As opposed to edge loops, an edge ring is a collection of parallell edges around a loop. Just like edge loops, this also requires quad topology.
To select an edge ring, hold Ctrl+Alt when clicking on an edge to select all the parallel edges in that ring. By holding Shift down together with Ctrl and Alt, you can select multiple rings one after the other.
Lasso select is like box and circle select, but instead of drawing a predefined shape we free draw a shape for our selection. The lasso tool is available from the tools panel, but we can also hold Ctrl and right click drag to create a lasso selection.
By default, we can just click and drag, and box select will be used as our selection method. Note that this kind of selection does not change the active object.
To change the active object, first click the object you want active to select it by itself and then use box select. Or if you already made a box selection, hold shift to deselect the element and click it again to select it. Essentially, double click the element you want to be active.
You can also access box select with B.
By every nth element we mean ever second, third, 10th or 120th element. Really just about any interval selection.
Start by selecting the first element, then hold CTRL and select another element at the end of your path, then in the operator panel in the lower left corner, set "deselected" to any number above 0. For every second element, set it to 1, for every third elelement, set it to 2 and so on.
The new settings will remain for future selections so you can set the deselected setting and continue holding Ctrl+Shift to select every second element in a shortest path fasion for as long as you need.
Select all works a bit different depending on how your select all toggle setting is configured in user preferences. By default you select All by pressing A and deselect all by pressing Alt+A. In 2.79 and earlier versions of Blender, pressing A would toggle between select all and deselect all.
If you want this behavior, follow these steps:
To invert a selection press Ctrl+I, that is an i for invert.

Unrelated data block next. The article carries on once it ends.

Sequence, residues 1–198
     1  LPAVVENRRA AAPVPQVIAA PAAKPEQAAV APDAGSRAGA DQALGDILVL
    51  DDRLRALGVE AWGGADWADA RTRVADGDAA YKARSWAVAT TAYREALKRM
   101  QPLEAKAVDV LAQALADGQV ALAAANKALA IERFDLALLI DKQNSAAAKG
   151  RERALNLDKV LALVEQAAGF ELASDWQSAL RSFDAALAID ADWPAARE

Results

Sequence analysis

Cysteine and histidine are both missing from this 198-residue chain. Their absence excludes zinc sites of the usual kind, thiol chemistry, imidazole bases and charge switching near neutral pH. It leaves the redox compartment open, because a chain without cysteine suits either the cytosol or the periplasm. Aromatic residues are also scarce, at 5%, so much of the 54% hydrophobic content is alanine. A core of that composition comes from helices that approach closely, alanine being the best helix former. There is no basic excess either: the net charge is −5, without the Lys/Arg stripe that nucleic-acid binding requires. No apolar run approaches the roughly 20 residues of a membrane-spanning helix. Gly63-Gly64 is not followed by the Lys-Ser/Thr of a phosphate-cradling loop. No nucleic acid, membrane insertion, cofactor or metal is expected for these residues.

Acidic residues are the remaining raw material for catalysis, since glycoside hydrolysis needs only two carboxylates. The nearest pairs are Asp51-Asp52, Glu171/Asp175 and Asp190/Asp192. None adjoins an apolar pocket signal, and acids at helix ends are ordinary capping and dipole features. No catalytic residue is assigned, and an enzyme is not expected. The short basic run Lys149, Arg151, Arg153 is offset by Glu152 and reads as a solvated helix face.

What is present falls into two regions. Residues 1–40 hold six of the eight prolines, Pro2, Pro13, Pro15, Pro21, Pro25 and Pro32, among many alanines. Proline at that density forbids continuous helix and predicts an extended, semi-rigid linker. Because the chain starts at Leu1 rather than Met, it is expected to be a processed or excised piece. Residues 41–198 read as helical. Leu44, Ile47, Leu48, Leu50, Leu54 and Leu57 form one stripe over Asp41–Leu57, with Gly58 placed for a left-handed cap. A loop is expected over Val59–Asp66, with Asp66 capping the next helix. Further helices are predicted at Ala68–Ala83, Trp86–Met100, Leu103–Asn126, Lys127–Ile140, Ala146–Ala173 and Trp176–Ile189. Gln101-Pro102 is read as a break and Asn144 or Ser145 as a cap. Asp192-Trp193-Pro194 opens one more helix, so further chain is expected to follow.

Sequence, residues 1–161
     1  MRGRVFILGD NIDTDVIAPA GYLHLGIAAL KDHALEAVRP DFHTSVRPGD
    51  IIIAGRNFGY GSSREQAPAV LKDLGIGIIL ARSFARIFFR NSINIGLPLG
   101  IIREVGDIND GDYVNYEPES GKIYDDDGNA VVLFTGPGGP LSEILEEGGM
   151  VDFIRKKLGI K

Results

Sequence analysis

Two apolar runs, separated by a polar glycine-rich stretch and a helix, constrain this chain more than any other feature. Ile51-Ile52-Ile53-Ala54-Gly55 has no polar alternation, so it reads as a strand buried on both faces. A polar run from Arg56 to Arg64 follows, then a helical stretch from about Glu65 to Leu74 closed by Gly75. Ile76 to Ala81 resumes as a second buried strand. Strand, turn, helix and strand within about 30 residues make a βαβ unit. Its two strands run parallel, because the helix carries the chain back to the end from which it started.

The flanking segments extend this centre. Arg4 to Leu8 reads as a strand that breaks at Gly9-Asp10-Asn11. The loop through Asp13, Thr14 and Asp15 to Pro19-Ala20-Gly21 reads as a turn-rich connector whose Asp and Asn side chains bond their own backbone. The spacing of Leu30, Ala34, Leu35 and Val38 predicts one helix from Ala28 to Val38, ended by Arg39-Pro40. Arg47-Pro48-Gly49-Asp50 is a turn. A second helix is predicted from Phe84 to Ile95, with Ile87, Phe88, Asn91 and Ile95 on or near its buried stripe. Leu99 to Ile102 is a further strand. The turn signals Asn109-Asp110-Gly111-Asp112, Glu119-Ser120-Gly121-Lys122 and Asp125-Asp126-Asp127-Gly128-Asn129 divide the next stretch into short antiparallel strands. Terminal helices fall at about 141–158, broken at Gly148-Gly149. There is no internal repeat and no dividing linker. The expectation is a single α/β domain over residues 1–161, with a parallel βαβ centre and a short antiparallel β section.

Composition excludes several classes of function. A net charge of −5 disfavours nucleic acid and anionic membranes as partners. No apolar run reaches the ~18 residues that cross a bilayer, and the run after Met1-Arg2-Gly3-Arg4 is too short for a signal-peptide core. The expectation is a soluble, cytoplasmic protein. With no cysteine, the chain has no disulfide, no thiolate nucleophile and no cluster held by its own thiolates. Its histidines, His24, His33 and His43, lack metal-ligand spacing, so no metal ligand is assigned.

Inverting a selection is very useful. Sometimes it is much easier to select the elements we don't want to have selected and invert rather than going around and selecting everything that we do want.
Select linked means that we select everything that is connected to another element. So if we have multiple separate meshes inside the same object, we can select everything in a single mesh without selecting all the other meshes.
There are two ways we can do this. First, we can select an element in a mesh and press Ctrl+L to select all linked elements to that selection. If we have selections in multiple separated parts all of those parts will become fully selected.
We can also hover our mouse above a part of the mesh and press L by itself. This will use the mouse cursor position to determine what part is selected rather than what parts are already selected. With this method we can also set "deselect" in the operator panel. This will deselect linked regions instead of adding them to the selection.
For both of these method we can specify different edge markings or use materials as a delimiter for where linked elements end. This way we can select only part of a mesh that is linked together but separated with one of these kinds of delimiters. For instance we can use UV seams to select only a part of the mesh that would make up a uv island.
Related content: The definitive tutorial to UV mapping in Blender
Select by trait allows us to select elements with some kind of similarity or relation. There are multiple options here that very depending on if we are in vertex, edge or face select mode. There is also an equivalent object mode menu called select grouped.
It all works on the same principle. You select something, press Shift+G to bring up the menu and choose what similarity or relation you want the objects or elements. When you have chosen an option, Blender will select all objects or elements with those traits.
There are a lot of options here, so we will cover some of the more useful ones. We will start with vertex select and move to bigger elements up to the select grouped menu found in object mode.